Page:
Mental Health Awareness Week 2020: Supporting Your Employees

Mary Palmer

We’re all feeling the impact of the coronavirus pandemic. Whether you’re a business owner worrying about cash flow or an employee struggling with the reality of furlough, these strange times have impacted almost every aspect of our daily lives.

And, whether you have an existing mental health problem or not, this “new normal” is probably only serving to exacerbate that – with a 24 hour news and social media cycle of confusing and conflicting updates; the inability to spend time with loved ones; worrying about paying bills or catching the virus itself.

As a business owner, executive or team manager, it’s more important than ever to check in on the mental health of your employees, whether they are still working or not.

Here are just some ideas as to how you can provide support during Mental Health Awareness Week and beyond.

Check in regularly

Ensure that your teams are keeping in touch with each other on a regular basis. Perhaps suggest a weekly catch up over a cuppa to mimic elevenses in the office. Seeing your colleagues faces over a video chat – or, at a basic level, keeping in touch via text – will make the world of difference, particularly to furloughed employees who may feel even more out of the loop.

Minimise remote burnout

Just because our laptops and mobiles are now in our homes doesn’t mean we should feel pressure to be tied to them 24/7. Ensure that you stick to normal working hours, as much as possible, when it comes to communication. The last thing you want is for your teams to feel burned out. Encourage your teams to take lunch breaks and be able to switch off as normal. The lines are so blurred right now that “down time” is even more crucial.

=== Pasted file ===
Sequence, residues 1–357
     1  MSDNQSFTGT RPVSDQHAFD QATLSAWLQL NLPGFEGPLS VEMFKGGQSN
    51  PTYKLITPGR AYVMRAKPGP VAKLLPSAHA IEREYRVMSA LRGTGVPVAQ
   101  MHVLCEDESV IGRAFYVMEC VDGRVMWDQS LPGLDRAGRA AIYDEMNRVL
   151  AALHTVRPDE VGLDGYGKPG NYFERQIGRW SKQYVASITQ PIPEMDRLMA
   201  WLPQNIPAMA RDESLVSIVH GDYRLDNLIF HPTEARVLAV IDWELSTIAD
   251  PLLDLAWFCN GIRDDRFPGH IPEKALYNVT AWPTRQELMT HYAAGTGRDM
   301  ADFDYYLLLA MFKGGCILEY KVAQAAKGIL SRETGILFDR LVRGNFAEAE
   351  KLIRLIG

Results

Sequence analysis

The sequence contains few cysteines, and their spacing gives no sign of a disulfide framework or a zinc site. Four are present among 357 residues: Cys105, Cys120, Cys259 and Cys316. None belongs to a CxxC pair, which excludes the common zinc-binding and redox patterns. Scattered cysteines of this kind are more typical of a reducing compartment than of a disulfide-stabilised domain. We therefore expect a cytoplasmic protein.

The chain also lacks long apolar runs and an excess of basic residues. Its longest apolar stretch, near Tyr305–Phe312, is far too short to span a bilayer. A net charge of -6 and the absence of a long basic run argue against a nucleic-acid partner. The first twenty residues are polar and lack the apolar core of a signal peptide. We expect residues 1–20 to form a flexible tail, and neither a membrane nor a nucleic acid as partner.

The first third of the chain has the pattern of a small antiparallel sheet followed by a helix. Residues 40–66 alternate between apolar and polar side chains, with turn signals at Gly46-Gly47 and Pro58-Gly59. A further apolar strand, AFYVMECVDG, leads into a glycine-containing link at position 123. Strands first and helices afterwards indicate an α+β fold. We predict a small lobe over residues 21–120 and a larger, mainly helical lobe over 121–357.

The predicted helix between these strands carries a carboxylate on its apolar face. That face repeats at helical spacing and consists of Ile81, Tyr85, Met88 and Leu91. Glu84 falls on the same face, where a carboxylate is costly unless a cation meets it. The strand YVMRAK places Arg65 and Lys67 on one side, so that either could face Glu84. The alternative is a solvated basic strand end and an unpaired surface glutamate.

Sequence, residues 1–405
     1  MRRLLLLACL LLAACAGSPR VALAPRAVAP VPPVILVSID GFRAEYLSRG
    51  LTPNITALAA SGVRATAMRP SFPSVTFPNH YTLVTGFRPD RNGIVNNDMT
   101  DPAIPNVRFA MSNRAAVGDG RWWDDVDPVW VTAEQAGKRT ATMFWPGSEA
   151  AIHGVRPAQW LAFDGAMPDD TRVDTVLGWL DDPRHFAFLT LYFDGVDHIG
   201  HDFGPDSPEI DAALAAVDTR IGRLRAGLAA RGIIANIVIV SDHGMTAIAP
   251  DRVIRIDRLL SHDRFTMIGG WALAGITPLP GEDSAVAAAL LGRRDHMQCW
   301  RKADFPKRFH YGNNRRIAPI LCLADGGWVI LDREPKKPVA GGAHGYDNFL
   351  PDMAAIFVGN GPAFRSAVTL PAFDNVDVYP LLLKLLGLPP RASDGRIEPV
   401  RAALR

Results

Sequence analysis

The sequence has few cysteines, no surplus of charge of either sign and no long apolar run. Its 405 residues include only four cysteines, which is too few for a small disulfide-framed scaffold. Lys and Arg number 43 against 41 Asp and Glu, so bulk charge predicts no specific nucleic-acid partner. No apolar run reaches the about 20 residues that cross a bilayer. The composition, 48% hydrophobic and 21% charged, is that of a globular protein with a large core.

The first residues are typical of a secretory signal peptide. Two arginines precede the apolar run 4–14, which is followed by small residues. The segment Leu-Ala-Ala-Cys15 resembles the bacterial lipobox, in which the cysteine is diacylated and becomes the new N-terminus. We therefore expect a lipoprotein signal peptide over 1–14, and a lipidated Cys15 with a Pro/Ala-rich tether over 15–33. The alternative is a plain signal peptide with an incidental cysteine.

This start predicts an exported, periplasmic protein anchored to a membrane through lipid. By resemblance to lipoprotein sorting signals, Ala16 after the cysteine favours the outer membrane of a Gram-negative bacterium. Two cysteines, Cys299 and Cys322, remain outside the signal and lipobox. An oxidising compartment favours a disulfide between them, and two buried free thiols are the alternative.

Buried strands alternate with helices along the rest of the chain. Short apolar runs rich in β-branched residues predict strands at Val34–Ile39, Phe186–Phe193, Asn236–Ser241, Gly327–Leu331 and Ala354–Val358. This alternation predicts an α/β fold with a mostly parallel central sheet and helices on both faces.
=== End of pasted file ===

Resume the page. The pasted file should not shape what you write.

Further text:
Combat the stigma

Everyone is feeling the strain, so now is the perfect time to broach the subject of mental health. By having regular, normal conversations about how everyone is feeling (and perhaps what they’re doing to cope), you’ll open up a platform for safe, de-stigmatised conversations about mental health that will hopefully continue long after the pandemic.

Encourage safe activity

Under normal circumstances, going on a long walk to clear your head or even hitting the gym to release endorphins would be the solution to issues such as stress, anxiety or depression. Whilst this isn’t entirely possible, you can encourage your teams to safely go for a walk, jog, run or cycle (observing good hygiene and social distancing measures) or even take up an online fitness class to help alleviate mental health issues.

Communication skills

Right now, employees only want to know one of a few things: When can I come back to work? Will I still be paid? What does furlough mean for me? So, there is no sense in bombarding them with emails or updates that don’t contain any of this information. Similarly, when you are providing updates, think carefully about how these are worded. And, if you do have to make tough decisions, a phone call or video call is always more appropriate than an email.

However you choose to support your colleagues this Mental Health Awareness Week and beyond, we hope you are all keeping safe and well.

If you are struggling and need support, charities such as See Me Scotland, Breathing Space and the Samaritans have great online resources and can still be reached via phone call.

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